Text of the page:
What is the definition of success? How does one measure success? Can successes of two different people be compared? How to be successful?
It’s safe to say that at some point in our lives we have been troubled by one or more of the above questions. Some of you must have already ridiculed these questions thinking that there is no one correct answer to each question owing to its inherent subjectivity. But, here’s the catch. If you want to be successful, sufficient thought should have gone into familiarizing yourself with YOUR version of the answers.
Reduced to its most generic form, the measure of success is “happiness”. If a person is happy with the way his life is progressing, he is successful. The subjectivity lies in the definition of happiness. Being rich might be a driving force for Mr. Falana whereas being satisfied with her current job (even if it comes at the cost of a higher salary) can be all that Ms. Dhimkana wants. Wise people are those who decide very early on in their career what is the type of fuel which is going to propel their car because they understand that it is usually not possible to achieve all combinations of money, work-life balance, power, fame, etc. at the same time.
I can tell you my story of how I found my definition of happiness. Right after my graduation in 2015, I joined one of India’s largest construction companies Larsen & Toubro (L&T). My first posting was in Muscat, the capital city of a gulf country called the Sultanate of Oman where I was going to work on the construction of a 5-star hotel for Marriot. I was well aware of the world I was stepping into. My seniors from college had warned about the harsh work timings and the huge amounts of stress which an average employee goes through. Yet, it was the first company I got placed in through a campus interview and I did not want to let go off the opportunity. Yes, I agree I wasn’t brave enough to say no to the job then but, to be honest, I didn’t really know what else to do had I rejected the offer.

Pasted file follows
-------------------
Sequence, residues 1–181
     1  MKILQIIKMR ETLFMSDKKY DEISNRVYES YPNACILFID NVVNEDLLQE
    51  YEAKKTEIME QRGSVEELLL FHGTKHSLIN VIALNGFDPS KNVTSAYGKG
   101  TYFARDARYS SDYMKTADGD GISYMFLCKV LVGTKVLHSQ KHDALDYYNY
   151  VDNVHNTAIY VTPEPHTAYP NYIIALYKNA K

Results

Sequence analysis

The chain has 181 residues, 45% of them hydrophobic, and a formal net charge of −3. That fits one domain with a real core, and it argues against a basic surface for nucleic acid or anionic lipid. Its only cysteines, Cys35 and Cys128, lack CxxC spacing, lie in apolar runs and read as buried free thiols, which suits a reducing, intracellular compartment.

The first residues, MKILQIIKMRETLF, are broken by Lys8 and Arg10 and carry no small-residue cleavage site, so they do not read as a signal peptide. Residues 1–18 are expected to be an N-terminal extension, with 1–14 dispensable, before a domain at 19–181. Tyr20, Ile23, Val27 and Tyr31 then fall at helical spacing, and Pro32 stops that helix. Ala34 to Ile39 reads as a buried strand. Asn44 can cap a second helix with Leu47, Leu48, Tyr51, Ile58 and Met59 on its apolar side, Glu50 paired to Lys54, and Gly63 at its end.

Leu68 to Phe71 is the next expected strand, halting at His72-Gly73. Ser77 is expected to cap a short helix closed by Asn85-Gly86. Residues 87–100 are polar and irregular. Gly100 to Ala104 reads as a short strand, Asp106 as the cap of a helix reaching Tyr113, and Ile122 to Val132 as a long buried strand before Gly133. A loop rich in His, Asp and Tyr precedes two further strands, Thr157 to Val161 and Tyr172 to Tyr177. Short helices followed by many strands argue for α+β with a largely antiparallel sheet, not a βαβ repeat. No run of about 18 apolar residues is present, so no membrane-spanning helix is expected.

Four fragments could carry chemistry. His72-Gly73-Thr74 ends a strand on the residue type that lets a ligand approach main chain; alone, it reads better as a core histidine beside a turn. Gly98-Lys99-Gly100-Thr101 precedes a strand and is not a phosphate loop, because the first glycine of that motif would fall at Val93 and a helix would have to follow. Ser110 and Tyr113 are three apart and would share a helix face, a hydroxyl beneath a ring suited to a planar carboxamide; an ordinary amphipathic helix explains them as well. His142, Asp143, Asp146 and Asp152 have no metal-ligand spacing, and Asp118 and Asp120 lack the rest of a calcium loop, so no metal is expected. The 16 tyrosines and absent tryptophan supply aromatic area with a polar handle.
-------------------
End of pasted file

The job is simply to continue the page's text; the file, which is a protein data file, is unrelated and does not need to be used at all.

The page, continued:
Anyway, coming back to Muscat. I was fortunate enough that a vacancy showed up in the Planning department and I was made the scheduler of the project instead of being directly dumped on the site which is where most of the fresh entrants into the company end up being thrown. To give an idea to the non-construction guys reading this article, the Planning department is considered to be the heart of the project. All the background work starting from deciding which activity is going to start/end on which day to ordering the material required to processing all the contractual work with the various vendors used to happen in that one small room with a team of 6 people. The amount of professional exposure I was getting was enviable.
But, the excitement of learning something new begun to wear off sooner than I expected it to. On average, we worked 12 hours a day for 6 days a week. The three most exciting parts of my day were breakfast, lunch, and dinner. Yes, that’s how sad my life was! I always used to wonder why someone was willing to slog their ass off devoting so little time to their personal lives. The only answer I could think of was the high salary. As a fresher I was being paid almost 1 lakh a month, so you can imagine what the senior staff must have been earning. L&T consisted mainly of employees who were willing to make this trade-off with the money. Their life revolved completely serving the company with special efforts put into chaplusi (flattery of the higher level bosses). The problems I mention here are not directed specifically towards L&T but to many multinational companies with a similar work culture. At that point, I was sure of 2 things. One was that I enjoyed the nature of my work per se. I saw great scope for learning every day. The second aspect I was sure of is that I was not going to be enticed into slavery for life. That day I decided that my yardstick for measuring the degree of success is a healthy work-life balance. WHAT’S YOURS???
Written by Saurabh Varanasi